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Let's Talk: Redmond suicide survivor speaks out

Kristin Akin's message: 'You are not alone'

Let's Talk: Suicide survivor speaks out

REDMOND, Ore. - September is National Suicide Prevention Ponth, which is why NewsChannel 21 wanted to share the story of a suicide survivor. Kristin Akin of Redmond attempted suicide, but survived -- and now, she has a whole new reason for living.

"I was just like, 'I'm done with this,' and I didn't care. I wanted to die," Akin said.

The pain Akin experienced was the kind of pain not everyone knows, and only few survive to try to explain. 

In July of 2015, Akin wanted to die. She took 18 pills of one of her prescriptions.

"The next thing I remember is waking up, and I had six or seven nurses and doctors standing about me, and I was frantic. I had no idea what was going on," Akin recalled recently.

Akin was diagnosed with bipolar disorder when she was 20. Now, at 33, she also battles anxiety and what is known as borderline personality disorder.

"This thing hit me really hard, and I was really struggling, I was self-harming a lot, cutting (myself) a lot," Akin said.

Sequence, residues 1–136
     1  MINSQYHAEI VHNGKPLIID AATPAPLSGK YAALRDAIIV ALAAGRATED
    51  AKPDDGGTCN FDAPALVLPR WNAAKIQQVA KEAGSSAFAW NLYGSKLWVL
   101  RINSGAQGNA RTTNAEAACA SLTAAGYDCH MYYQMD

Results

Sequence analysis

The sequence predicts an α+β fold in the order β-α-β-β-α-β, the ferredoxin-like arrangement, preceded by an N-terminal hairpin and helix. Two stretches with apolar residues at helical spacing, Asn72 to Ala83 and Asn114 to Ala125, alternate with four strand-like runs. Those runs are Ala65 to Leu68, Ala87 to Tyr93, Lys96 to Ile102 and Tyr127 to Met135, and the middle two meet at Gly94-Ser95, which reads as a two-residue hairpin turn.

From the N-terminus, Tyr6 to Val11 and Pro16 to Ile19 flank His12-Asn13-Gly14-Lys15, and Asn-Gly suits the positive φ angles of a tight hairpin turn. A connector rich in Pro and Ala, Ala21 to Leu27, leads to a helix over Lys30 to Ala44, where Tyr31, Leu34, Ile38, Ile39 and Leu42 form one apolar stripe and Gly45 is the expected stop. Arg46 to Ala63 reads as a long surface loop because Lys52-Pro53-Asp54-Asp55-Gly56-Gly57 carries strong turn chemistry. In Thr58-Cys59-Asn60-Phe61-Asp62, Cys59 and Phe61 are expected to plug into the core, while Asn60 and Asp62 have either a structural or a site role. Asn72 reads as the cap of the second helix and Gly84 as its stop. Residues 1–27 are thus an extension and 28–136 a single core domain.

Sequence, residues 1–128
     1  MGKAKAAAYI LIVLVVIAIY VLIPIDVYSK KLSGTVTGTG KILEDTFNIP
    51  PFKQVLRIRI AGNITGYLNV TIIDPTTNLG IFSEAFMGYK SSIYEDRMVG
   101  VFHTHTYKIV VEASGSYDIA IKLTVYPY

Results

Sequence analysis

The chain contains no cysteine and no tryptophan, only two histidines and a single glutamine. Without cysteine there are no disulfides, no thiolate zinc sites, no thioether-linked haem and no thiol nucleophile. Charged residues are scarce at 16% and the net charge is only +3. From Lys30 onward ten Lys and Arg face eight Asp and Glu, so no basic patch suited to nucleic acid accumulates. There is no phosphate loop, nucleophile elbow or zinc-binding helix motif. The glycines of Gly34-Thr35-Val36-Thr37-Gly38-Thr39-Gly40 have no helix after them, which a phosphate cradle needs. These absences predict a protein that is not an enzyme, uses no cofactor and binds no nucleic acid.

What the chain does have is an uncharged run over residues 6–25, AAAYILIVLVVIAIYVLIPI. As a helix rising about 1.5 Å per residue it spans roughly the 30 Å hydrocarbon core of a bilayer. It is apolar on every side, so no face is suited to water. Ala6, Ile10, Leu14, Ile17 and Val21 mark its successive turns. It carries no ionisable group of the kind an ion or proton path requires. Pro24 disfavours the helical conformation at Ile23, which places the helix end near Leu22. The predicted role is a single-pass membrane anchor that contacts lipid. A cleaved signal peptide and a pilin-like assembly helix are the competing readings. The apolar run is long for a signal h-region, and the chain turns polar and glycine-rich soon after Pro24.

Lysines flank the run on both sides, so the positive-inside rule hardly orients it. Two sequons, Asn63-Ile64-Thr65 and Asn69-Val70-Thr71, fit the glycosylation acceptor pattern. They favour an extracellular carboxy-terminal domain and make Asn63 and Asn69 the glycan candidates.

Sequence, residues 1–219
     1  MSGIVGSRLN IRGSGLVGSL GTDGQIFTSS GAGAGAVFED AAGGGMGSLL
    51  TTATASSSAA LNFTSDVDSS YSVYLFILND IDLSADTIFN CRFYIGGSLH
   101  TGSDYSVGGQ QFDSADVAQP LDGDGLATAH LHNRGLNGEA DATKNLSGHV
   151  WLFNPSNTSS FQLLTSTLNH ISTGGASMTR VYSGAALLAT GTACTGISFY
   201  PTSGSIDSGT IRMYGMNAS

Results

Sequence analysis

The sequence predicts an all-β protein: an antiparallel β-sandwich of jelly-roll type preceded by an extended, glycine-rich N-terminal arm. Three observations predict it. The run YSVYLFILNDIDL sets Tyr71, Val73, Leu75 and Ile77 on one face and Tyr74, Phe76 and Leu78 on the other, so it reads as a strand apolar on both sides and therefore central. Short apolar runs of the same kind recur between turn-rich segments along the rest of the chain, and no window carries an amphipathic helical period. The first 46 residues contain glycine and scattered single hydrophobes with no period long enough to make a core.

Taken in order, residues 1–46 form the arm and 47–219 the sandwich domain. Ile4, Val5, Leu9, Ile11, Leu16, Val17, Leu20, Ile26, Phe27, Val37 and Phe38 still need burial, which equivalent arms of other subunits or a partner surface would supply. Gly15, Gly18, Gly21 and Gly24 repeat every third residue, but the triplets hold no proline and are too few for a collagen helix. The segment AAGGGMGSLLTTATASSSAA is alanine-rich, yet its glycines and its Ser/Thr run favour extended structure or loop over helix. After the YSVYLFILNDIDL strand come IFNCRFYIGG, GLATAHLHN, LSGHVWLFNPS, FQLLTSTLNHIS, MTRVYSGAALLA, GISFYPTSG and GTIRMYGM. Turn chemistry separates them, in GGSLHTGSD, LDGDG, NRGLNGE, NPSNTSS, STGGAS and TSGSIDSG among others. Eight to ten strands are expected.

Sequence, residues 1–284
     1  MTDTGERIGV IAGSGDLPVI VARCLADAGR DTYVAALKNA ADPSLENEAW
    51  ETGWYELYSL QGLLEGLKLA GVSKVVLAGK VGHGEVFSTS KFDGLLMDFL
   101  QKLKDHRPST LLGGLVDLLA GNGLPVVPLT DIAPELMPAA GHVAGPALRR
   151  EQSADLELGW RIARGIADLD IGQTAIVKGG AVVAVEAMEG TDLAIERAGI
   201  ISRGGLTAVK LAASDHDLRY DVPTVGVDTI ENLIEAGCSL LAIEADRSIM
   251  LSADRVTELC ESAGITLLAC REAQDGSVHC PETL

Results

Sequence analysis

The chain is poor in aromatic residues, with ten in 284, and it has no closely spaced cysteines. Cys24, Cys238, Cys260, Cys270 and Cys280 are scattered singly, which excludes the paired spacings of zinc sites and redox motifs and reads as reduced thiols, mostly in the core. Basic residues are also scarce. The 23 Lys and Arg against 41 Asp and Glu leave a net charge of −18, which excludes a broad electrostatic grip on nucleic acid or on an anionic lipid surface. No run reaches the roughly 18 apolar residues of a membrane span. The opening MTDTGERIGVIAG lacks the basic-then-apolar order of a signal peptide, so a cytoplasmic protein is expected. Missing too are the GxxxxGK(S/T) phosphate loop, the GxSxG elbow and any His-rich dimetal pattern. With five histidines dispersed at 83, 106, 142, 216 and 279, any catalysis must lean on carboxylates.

When Akin describes her suicide attempt, she doesn't cry or waver. Instead, she faces it head-on, with a tattoo reading "Live."

"It's a reminder every day to live, just live," Akin said, "And after being through it, I want to save lives. I don't want people to go through suicide attempts. I don't want people to cut or be miserable."

Akin said she knows now, first-hand, there is so much more to live for -- like her young son, Levi Cole.

"He's my light. He's my life. He's my world to me," Akin said.

Levi is her daily reminder to battle the skeletons and stay out of the darkness.

"I can't say that I would never try it again, because when you're mentally ill, there are no promises," Akin said. "But when you have a child, I can't imagine leaving him on this Earth without his mother."

Akin speaks at plenty of events about suicide awareness and prevention, and says she is always willing to share her message.

"You are not alone," she said. "Even if you think you're the only one thinking these crazy thoughts or feelings, these awful emotions -- you're not alone. Other people have been there."

She attributes a great deal of her recovery and strength to a local advocacy group, the Central Oregon chapter of NAMI, the National Alliance of Mental Illness. They are a great resource for those dealing with mental illness, or someone who just wants more information.

You can find out more at www.Namicentraloregon.org.


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